# Support vector machine

As shown in the other post, the support vector machine (SVM) method aims at separating the two types of data points with a hyperplane \(z\equiv w^Tx+b=0\).

The hyperplane is uniquely determined by maximizing the distance from the hyperplane to the closest points, the so-called support vectors. It can be written as

\[\frac{\min\|w\|^2}{2}, \quad s.t. \quad y^{(i)} z^{(i)}\ge 1,\]where \(z^{(i)} = w^Tx^{(i)}+b\) characterizes the distance from the data point to the separation plane, the label \(y^{(i)}\) takes the value of \(\pm1\), and the unknowns are the weights \(w\) and bias \(b\). Recall the data points \(x^{(i)}\in\mathbb R^n\) and there are \(m\) data points in the training set.

This model only works if the data are linearly separable. When they are not, such as in Fig. 1, two more ideas need to be developed:

- soft margin
- kernel trick

The soft margin allows for mislabels, and the kernel trick expand the feature vector dimension in the hope that the data become linearly separable in some higher dimensional space.

I will introduce these two ideas one by one in the following sections.

Figure 1. Example of data points that are not linearly separable.

## soft margin

To allow label errors, we need to introduce slack variables \(\xi\in\mathbb R^m\) in the constraints:

\[y^{(i)} z^{(i)} \ge 1-\xi_i, \quad\text{with } \xi_i\ge0\]Although errors are allowed, they are not preferred, thus a penalty term is added to the cost function

\[\min_{w,b,\xi}\frac{1}{2}\|w\|^2 + C\sum_{i=1}^m\xi_i\]The regularization parameter \(C>0\) needs to be determined by try and error.

To solve this optimization problem, we use the generalized Lagrangian multiplier method. The Lagrangian is given by

\[\mathcal L = \frac{1}{2}w^Tw + C\sum_{i=1}^m\xi_i + \sum_{i=1}^m\alpha_i\left(1-\xi_i-y^{(i)}z^{(i)}\right)-\sum_{i=1}^m r_i\xi_i\]with positive multipliers \(\alpha_i\) and \(r_i\).

The KKT condition requires

\[\frac{\partial\mathcal L}{\partial w}=0, \frac{\partial\mathcal L}{\partial b}=0, \frac{\partial\mathcal L}{\partial\xi}=0\]which give rise to

\[w=\sum_{i=1}^m \alpha_i y^{(i)}x^{(i)} \\ \sum_{i=1}^m \alpha_iy^{(i)}=0 \\ C-\alpha_i=r_i\ge0\]It shows that the normal vector \(w\) of the separation plane is a linear combination of the data points \(x^{(i)}\). The data points \(x^{(i)}\) with non-zero \(\alpha_i\) are called the support vectors. Ideally, the number of support vectors is small.

The KKT complementary condition also requires

\[\alpha_i\left(1-\xi_i-y^{(i)}z^{(i)}\right)=0 \\ r_i\xi_i =0\]If \(r_i=0\), then \(\alpha_i=C>0\). As a result of the first condition, \(y^{(i)}z^{(i)}\le 1.\)

If \(\xi_i=0\), then \(\alpha_i\le C\). There are two cases from here. In the first case, if \(0<\alpha_i\le C\), then the first condition requires \(y^{(i)}z^{(i)}=1.\) In the second case, if \(\alpha_i=0\), then \(y^{(i)}z^{(i)}\ge1.\)

To summarize, the complementary conditions give rise to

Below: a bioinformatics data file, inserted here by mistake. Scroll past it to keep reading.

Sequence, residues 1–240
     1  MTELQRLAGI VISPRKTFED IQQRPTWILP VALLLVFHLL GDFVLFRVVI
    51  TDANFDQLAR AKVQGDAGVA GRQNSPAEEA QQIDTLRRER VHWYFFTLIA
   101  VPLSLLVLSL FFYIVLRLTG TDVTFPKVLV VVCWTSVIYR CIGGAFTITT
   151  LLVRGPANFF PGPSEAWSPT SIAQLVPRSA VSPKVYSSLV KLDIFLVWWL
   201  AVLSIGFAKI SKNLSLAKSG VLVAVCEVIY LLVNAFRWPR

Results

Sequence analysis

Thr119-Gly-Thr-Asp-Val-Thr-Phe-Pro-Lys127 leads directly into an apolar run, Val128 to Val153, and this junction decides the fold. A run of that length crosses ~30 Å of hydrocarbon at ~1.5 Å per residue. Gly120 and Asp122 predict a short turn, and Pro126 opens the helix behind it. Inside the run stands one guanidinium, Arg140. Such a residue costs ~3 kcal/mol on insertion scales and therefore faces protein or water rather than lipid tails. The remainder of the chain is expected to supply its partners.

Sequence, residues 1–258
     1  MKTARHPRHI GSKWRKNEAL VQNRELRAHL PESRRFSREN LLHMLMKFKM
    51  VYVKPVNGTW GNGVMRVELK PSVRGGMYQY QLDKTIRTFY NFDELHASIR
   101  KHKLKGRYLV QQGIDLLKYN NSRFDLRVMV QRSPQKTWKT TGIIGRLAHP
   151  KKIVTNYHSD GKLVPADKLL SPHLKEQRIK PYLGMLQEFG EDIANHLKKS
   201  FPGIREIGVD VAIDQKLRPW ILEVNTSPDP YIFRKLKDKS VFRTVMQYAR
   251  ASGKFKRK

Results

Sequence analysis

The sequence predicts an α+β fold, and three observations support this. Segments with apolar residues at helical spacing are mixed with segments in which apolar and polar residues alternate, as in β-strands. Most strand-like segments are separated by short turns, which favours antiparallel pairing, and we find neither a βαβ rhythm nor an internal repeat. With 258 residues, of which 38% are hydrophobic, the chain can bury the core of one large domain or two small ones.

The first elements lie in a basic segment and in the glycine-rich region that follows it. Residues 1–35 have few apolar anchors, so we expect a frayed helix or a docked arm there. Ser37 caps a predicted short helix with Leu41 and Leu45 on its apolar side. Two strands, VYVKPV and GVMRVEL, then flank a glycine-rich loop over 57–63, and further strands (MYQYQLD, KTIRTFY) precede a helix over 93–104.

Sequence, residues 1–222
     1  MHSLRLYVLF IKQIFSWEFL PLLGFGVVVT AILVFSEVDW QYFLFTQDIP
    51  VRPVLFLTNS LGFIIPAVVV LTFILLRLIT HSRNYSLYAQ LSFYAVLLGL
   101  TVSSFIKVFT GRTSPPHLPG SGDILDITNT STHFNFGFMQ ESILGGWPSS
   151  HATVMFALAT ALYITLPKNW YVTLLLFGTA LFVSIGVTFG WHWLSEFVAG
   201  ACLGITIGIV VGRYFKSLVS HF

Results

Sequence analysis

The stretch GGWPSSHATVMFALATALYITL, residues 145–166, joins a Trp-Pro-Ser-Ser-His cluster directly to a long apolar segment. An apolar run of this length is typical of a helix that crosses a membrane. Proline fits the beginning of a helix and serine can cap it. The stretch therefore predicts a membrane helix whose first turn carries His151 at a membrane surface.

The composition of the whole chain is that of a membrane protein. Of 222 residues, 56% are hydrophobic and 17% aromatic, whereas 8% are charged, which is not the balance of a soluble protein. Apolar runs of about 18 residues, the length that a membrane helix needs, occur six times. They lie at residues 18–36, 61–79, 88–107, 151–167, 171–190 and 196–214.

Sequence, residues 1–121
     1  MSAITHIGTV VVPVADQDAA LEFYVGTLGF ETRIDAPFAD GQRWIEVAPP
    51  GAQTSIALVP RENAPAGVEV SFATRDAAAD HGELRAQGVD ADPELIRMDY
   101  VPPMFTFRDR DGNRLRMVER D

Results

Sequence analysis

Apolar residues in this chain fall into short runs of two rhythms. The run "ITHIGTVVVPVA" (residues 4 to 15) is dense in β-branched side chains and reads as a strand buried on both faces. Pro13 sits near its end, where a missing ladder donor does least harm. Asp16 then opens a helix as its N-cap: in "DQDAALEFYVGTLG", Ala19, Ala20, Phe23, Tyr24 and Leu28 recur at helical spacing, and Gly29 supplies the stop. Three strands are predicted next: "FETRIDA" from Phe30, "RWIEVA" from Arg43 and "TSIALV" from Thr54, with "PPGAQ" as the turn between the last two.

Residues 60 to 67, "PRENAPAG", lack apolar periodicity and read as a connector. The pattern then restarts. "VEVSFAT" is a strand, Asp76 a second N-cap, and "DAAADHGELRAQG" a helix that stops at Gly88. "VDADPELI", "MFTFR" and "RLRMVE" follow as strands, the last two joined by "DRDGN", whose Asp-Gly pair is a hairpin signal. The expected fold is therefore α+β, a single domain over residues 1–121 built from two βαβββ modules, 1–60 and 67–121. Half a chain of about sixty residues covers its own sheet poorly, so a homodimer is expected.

\[\alpha_i=0 \rightarrow y^{(i)}z^{(i)}\ge1 \\ \alpha_i=C \rightarrow y^{(i)}z^{(i)}\le1 \\ 0<\alpha_i<C \rightarrow y^{(i)}z^{(i)}=1\]The first type of points do not contribute in \(w\), thus do not affect the decision boundary. The third type of points are the more conventional support vectors, whereas the second type of points are the erroreneous points falling on the wrong side.

Plugging the expression of \(w\) back into the Lagrangian, we have

\[\mathcal L(\alpha)=\sum_{i=1}^m\alpha_i-\frac{1}{2}\sum_{i,j=1}^m\alpha_i\alpha_jy^{(i)}y^{(j)}\left<x^{(i)},x^{(j)}\right>\]where the brackets denote inner product. Thus the dual problem is a quadratic programming

\[\max_{\alpha} \mathcal L \\ s.t. \sum_{i=1}^m\alpha_iy^{(i)}=0,\quad 0\le\alpha_i\le C\]The sequential minimal optimization (SMO) is the popular method to solve the dual problem. It is a type of block-coordinate-descent method and optimizes two multipliers \((\alpha_i, \alpha_j)\) at a time to satisfy the constraint. After solving the dual problem, \(w\) can be formed from \(\alpha\). And \(b\) can be calculated from the set of support vectors from its geometric meaning.

With a new data point \(x^{(k)}\), one can determine its label by computing the sign of

\[z^{(k)}=\sum_{i=1}^{\ell}\alpha_iy^{(i)}\left<x^{(i)},x^{(k)}\right>+b,\]where \(\ell\) is the number of support vectors, in other words, the number of non-zero \(\alpha_i\).

In general, it is preferable to use SVM with soft margin even if the data are linearly separable. This is because a small number of outliers may cause significant bias in the decision boundary. One such example is shown in Fig. 2.

Figure 2. Although the data points are linearly separable, the existence of one outlier may change the SVM result by a lot. SVM with soft margin is more robust to outliers.

## kernel trick

In practice, there are cases where the data are not linearly separable but can be separated by a nonlinear surface. Among these cases, some of them can be linearly separable when the feature vector \(x^{(i)}\) is expanded in some way. An example is shown in Fig. 3.

Figure 3. Transformation \(x^{(i)}\) from 1D to 2D makes linear separation possible.

The new feature vector is then some vector function of the original feature vector, i.e., \(\phi(x^{(i)})\). When the form of \(\phi(x)\) is determined, all preceding discussions hold with the replacement of \(x^{(i)}\) by \(\phi(x^{(i)})\).

Note in the calculations, we only need to compute the inner product

\[K(x^{(i)}, x^{(j)}) = \left<\phi(x^{(i)}),\phi(x^{(j)})\right>\]Thus the calculation of \(\phi(x)\) may be totally avoided for the sake of efficiency.

In practice, a low degree polynomial kernel or radial basis kernel (RBF) kernel with a reasonable width is a good initial try.

Gaussian (RBF) kernel

\[K(x, z) = \exp\left(-\frac{\|x-z\|}{2\sigma^2} \right)\]Polynomial kernel

\[K(x, z) = (x^Tz+c )^d, \quad d\in\mathbb{N}\]